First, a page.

GIJN asked investigative journalists around the world to look ahead at what’s in store for 2020. Here are the trends, key forces, and challenges they expect will affect investigative and data journalism in the coming year, as well as the new skills and approaches we should be thinking about.
When journalists practice transparency around their processes, their goals, and their values, news consumers tend to respond positively — and sometimes, they even spend more money on journalism. That was the case with an experiment that Trusting News ran with PolitiFact.
You don’t need a million casual readers — just 1,000 committed ones. And there are signs that the “1,000 true fans” theory holds approximately true across a wide range of journalism enterprises — sometimes it’s actually a thousand; other times it’s 400, 1,500, or 5,000.
Crowdsourcing is a powerful tool for journalism. It can help fuel reporting, provide answers, and engage community participation. Jess Ramirez, who works as an engagement reporting fellow at ProPublica, lists the questions you can ask yourself when approaching an engagement project.
Watchdog workshops can be a good way for media organizations to get a bit of help with investigations — but also, crucially, they foster engagement. Here’s how Detroit’s Detour brought readers together to investigate bulk buyers in a local tax auction.
There are no silver bullets, no hard-and-fast rules, no magic answers to running a membership-driven news organization. It takes a lot of effort, coordination and putting members at the core of everything. Media consultant Tim Griggs shares 10 essential ingredients for making it work.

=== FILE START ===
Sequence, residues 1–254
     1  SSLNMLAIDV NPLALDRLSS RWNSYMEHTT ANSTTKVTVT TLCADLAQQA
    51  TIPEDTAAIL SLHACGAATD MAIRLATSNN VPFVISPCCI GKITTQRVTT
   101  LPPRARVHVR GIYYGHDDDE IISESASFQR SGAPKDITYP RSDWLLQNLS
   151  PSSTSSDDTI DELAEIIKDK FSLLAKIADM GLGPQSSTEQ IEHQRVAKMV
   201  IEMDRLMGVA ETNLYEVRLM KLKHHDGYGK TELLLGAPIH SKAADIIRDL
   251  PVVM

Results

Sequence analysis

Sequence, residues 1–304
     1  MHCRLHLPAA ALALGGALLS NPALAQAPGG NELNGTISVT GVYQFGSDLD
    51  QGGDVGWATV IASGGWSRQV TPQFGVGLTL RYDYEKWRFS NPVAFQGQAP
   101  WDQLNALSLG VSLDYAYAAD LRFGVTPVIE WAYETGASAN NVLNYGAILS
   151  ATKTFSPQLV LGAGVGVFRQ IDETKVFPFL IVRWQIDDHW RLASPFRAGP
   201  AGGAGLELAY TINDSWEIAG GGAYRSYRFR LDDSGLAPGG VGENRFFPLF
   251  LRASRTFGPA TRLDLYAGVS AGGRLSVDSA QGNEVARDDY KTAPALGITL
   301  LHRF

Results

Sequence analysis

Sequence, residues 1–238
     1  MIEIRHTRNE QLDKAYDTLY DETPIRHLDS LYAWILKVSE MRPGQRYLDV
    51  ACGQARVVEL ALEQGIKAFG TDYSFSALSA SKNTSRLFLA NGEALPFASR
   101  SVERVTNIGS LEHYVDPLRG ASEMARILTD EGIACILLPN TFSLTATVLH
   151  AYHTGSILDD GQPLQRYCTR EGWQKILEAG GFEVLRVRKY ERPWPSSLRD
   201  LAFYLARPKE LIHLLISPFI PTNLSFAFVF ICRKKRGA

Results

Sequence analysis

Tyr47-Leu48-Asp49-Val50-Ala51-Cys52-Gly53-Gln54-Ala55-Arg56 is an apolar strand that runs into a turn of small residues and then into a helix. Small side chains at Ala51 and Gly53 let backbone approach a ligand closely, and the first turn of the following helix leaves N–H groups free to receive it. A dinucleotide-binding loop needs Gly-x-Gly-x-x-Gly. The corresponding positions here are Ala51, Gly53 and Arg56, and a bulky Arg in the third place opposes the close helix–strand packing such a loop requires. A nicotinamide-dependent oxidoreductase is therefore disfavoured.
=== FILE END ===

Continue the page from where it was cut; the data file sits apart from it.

Sustainable revenue and audience trust are two of the biggest challenges faced by media organizations all over the world — and neither are getting any easier. Engaging with audiences is one way to address these two interconnected issues. In the latest addition to GIJN’s Resource Center, Emily Goligoski brings to bear her experience as research director for the Membership Puzzle Project to explain various forms of audience engagement.
Curious about what your readers think? What audience members know and want to learn from you? If not, you should be. Learning what supporters of independent news need can help you improve your coverage and grow your revenue. As Dimitris Xenakis from Greece’s Inside Story recently told journalists: “To rebuild trust, it is necessary to engage readers.
The Brazilian version of The Intercept is carving a solid spot for itself in the country’s journalism landscape. With a focus on human rights abuses, police violence and politics, The Intercept Brasil’s investigations have attracted a young audience and an unexpected amount of donations, its executive editor tells GIJN.